The Student Playlist

Showcasing the Best New Music, Curating the Classics

REVIEW: Joanna Newsom – ‘Divers’ (Drag City)

Front cover of 'Divers'

Front cover of ‘Divers’

by John Tindale

It’s been five years since Joanna Newsom released the critically acclaimed epic Have One On Me, but don’t take that to mean that she has been resting on her success; Divers is the culmination of five years of effort and it is a truly magnificent record for it. Newsom has it all, lyrical excellence to sonic brilliance: this is never more apparent than in lead single ‘Sopakanikan’. Newsom combines twinkling pianos and string arrangements that wouldn’t go amiss on a Disney film – such is their innocence and wonder – whilst delivering a mesmerising Kate Bush-style vocal and referencing Van Gogh paintings and Percy Shelley sonnets. They say that making hard work look easy is the sign of greatness, and that has never been truer than in Newsom.

Album opener ‘Anecdotes’ sees Newsom explore the dangers of attachment through time, following her 2013 marriage to Andy Sandberg, (‘Brooklyn Nine-Nine’, ‘Saturday Night Live’ and ‘The Lonely Island’) -“Sending the first scouts over / Back from the place beyond the dawn”. In addition to universal themes, Divers is without a doubt Newsom’s most accessible record to date, significantly shorter than the 3-disc blowout of her last album. There is a refreshing air of commercial (only two songs on the album last more than six minutes) in the well-crafted ‘Goose Eggs’ and ‘The Things I Say’, but there are similarities and references to prior work. Naturalistic and pastoral themes are referenced (“on the black roads of the gold fields”) continuously, showing Divers is progression, rather than a reinvention.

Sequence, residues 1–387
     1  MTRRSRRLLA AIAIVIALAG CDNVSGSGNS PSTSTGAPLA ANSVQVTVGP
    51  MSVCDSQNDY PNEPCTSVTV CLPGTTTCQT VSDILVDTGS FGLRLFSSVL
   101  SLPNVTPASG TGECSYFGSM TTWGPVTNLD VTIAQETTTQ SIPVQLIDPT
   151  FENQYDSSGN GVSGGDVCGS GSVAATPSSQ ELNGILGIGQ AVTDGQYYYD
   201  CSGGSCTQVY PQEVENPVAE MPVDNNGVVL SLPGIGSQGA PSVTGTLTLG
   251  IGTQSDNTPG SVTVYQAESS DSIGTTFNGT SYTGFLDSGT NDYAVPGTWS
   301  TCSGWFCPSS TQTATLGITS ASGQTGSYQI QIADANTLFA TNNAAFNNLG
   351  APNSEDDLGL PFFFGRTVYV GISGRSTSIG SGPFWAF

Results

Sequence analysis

But Newsom is at her best when she lets go, and this is most apparent than during title-track ‘Diver’ where for six and a half minutes Newsom lets herself free as she again discusses the quandaries of long-term relationships and the constraints of time, (“I know we must abide / each by the rules that bind us here”) – with her harp in full flow and vocals reminiscent of Regina Spektor, it is a standout moment. Such is the nature of Divers that this is not the only standout moment: closer ‘Time Is A Symptom’ completes the album; from the bird calls of the morning dove, to the gradual build of the piano and Newsom’s divine vocal, before the City of Prague orchestra pushes the song into greatness.

Joanna Newsom has managed to achieve an album of true beauty even for the casual listener, but it is those who delve in deeper and analyse the layers of Divers who will be truly rewarded. Many thought it would be impossible to top her previous work, but in Divers Newsom has combined everything that has worked on previous records and made her best record yet. (9/10)

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